Leopard Shark Fact File
Credit: Mfield, Matthew Field, www.photography.mattfield.com, CC BY-SA 3.0 <https://creativecommons.org/licenses/by-sa/3.0>, via Wikimedia Commons
Wild 25 years
Captive 30 years
Spot this Shark!
The name of the leopard shark is taken from the pattern of spots and stripes found across their body. Their name often causes confusion with the zebra shark which is also referred to as the leopard shark.
These animals are carnivores which hunt for fish and crabs. Despite this they pose no danger to humans.
Females carry their eggs inside their body where they will hatch. She then gives birth to the live young.
This species is hunted by recreational fishers and in commercial fishery operations. They are also taken alive for the aquarium trade in increasingly large numbers.
Read on to learn more about these fascinating fish.
What does the Leopard Shark look like?
The leopard shark takes its name from the pattern of black spots which pattern their body and fins. These rest on top of a light brown background. On the underside this fades to a whitish color.
Their jaw is powerful and contain small teeth which can be used to capture prey.
They reach lengths of up to 2.1m (7ft) long with weights ranging up to 32kg (71lbs).
Females are slightly larger than males.
Males can also be distinguished through the presence of claspers on the underside of the body which are used during mating.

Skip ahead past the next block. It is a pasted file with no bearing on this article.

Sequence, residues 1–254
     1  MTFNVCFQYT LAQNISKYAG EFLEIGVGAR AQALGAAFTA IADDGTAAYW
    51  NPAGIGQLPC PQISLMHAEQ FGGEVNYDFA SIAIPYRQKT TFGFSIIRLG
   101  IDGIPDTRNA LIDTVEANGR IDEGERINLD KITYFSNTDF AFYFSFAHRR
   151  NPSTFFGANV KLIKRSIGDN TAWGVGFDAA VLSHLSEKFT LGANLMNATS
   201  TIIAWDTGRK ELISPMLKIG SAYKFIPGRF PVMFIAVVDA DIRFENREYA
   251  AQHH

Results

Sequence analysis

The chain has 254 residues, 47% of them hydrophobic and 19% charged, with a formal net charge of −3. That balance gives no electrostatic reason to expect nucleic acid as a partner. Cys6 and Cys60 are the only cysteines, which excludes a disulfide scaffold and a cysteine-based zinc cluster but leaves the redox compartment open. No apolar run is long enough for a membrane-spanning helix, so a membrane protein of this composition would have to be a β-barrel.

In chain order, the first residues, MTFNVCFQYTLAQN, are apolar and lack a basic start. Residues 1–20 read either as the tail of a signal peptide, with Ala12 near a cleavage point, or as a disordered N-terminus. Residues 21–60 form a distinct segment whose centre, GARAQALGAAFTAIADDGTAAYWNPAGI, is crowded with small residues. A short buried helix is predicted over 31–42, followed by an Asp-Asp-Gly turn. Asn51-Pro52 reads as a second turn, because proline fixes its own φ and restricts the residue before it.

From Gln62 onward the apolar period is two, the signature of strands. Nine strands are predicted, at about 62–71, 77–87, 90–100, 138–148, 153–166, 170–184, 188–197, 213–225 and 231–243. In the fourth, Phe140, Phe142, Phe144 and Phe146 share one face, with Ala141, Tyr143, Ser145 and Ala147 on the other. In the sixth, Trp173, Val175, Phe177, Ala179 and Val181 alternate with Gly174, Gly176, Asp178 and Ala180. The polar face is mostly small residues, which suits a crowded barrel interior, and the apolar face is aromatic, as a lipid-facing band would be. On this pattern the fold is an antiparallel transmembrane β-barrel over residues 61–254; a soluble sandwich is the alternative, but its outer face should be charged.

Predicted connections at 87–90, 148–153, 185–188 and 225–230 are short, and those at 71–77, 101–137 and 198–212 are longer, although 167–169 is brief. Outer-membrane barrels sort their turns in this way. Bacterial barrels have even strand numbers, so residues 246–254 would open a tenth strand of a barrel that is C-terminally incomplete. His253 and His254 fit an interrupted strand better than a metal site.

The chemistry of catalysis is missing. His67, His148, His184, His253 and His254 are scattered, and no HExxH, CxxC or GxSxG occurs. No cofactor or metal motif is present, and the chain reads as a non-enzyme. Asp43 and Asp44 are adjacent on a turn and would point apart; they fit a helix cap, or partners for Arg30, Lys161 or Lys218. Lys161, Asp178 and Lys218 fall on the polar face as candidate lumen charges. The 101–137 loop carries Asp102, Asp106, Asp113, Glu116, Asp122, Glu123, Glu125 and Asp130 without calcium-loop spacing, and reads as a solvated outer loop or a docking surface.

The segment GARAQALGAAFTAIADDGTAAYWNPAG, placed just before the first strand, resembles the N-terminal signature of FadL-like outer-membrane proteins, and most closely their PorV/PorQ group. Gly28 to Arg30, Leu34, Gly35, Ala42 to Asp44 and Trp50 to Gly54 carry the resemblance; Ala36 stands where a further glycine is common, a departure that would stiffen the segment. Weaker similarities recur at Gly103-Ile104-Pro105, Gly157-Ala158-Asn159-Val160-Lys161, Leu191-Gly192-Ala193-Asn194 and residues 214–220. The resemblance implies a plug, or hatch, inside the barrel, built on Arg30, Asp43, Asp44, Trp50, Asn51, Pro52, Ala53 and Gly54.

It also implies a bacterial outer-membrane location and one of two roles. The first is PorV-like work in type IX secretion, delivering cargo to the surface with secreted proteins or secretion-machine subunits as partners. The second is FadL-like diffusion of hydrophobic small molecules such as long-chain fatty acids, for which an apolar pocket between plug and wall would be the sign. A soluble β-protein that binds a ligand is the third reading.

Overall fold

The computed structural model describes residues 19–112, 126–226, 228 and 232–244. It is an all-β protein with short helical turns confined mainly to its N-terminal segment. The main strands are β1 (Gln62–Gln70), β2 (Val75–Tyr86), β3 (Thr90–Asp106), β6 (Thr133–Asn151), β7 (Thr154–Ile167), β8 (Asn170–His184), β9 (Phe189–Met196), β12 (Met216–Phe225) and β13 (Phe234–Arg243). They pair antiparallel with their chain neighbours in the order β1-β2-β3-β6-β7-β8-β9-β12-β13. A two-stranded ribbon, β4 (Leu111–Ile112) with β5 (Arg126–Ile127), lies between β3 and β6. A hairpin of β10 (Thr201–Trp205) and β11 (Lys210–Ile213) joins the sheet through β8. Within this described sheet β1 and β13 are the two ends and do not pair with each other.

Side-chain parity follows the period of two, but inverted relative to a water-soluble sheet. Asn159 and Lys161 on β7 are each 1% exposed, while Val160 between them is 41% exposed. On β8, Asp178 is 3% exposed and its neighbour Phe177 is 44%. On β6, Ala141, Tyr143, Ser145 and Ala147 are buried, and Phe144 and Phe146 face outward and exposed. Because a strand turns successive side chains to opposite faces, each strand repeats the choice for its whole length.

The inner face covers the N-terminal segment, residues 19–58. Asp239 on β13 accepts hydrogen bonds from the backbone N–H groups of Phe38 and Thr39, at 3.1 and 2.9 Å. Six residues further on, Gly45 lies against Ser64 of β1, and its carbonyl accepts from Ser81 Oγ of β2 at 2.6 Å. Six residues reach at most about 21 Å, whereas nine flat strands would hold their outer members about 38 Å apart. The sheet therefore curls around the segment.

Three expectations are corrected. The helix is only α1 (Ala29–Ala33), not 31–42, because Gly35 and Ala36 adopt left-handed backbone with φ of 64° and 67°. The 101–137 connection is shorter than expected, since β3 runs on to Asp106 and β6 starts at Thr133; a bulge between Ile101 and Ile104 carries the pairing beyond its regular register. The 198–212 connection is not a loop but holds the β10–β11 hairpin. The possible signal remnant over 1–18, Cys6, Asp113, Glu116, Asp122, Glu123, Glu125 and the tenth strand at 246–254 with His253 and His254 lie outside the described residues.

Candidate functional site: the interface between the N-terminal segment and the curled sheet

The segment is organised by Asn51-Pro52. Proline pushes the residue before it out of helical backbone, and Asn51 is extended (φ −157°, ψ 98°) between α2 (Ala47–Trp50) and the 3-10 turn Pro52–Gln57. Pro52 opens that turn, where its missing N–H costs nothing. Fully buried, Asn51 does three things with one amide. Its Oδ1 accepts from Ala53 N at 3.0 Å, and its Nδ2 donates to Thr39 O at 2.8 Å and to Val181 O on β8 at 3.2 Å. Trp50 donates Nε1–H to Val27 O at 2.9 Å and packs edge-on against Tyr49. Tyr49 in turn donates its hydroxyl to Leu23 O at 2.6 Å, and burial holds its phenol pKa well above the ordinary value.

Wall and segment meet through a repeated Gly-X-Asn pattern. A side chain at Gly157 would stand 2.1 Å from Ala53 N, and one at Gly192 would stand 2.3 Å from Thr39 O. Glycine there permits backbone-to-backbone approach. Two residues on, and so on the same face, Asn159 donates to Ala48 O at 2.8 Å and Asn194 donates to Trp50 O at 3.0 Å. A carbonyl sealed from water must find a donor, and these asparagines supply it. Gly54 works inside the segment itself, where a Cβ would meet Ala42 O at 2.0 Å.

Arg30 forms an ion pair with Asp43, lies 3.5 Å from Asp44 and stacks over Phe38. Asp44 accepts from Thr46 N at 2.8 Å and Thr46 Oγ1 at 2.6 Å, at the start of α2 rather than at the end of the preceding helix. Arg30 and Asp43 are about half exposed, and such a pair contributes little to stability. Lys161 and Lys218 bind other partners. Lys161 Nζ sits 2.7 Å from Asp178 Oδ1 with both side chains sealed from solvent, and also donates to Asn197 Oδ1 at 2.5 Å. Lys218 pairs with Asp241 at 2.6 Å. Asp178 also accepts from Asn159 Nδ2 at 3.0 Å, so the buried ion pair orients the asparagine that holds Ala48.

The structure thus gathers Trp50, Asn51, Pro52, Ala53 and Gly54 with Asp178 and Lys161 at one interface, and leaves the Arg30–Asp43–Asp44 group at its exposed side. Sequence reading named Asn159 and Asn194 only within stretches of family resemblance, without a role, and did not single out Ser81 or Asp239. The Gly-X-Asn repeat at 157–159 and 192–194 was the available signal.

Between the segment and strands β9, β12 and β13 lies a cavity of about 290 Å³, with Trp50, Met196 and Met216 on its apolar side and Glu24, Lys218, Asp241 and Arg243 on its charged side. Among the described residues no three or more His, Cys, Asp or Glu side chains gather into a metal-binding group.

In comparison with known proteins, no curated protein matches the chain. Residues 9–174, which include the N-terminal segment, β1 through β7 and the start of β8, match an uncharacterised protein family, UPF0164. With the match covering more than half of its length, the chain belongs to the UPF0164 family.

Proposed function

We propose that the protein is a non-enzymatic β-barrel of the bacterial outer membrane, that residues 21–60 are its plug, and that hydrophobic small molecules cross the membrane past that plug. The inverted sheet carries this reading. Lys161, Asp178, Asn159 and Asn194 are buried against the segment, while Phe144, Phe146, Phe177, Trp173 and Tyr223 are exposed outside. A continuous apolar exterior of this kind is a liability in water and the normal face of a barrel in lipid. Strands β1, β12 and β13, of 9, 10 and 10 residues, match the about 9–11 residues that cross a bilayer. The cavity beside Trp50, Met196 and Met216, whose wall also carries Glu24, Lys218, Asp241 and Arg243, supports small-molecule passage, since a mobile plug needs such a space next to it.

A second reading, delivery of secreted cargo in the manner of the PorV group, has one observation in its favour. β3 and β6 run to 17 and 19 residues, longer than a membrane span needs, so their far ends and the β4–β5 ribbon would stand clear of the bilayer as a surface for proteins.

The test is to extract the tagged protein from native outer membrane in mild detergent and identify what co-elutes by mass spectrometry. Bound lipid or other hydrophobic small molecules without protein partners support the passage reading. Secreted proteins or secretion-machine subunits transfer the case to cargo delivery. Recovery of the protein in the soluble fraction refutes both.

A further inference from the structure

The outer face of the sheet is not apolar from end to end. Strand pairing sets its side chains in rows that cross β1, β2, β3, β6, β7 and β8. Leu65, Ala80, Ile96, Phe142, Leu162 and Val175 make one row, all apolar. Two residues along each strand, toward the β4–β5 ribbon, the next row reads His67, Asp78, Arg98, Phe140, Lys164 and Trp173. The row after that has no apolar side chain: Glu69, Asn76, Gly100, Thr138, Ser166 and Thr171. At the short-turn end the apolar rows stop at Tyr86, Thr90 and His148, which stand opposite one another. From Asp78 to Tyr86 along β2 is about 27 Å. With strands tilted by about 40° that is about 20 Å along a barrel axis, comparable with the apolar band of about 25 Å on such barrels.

As a shark their body is formed from cartilage (the same substance as human ears) instead of bone making them more flexible.
How does the Leopard Shark survive in its habitat?
The spotted patterning of the leopard shark is a form of camouflage. It allows them to blend in with the dappled light which penetrates the surface in their kelp forest habitat.
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What does the Leopard Shark eat?
The leopard shark is a carnivore. They will swim along the seafloor picking up crabs, fish eggs, clams and other small prey items.
Younger individuals focus more on crabs while adults primarily feed on fish.
Learn more about the Leopard Shark in this video from Marine Science Institute on YouTube
Where do you find the Leopard Shark?
Leopard sharks are found along the western coast of North America. Here they live along the the coastline of Mexico and the United States.
Where can the Leopard Shark survive?
These sharks live in nearshore waterways and may make use of estuaries and bays. They will be found near rocky areas and kelp forests.
Credit: Brian Gratwicke, CC BY 2.0 <https://creativecommons.org/licenses/by/2.0>, via Wikimedia Commons
How does the Leopard Shark produce its young?
During the breeding season the females will mate with multiple partners and each litter may have several fathers for the various pups.
Young leopard sharks develop inside an egg but this entire process takes place within their mother. After hatching they are born live.
It takes 10 to 12 months of gestation inside their mother for the young to hatch.
Each clutch may include up to 33 pups.
Young born through this method have a higher chance of survival but fewer young are produced in each clutch.
Sexual maturity is reached at 10 years old.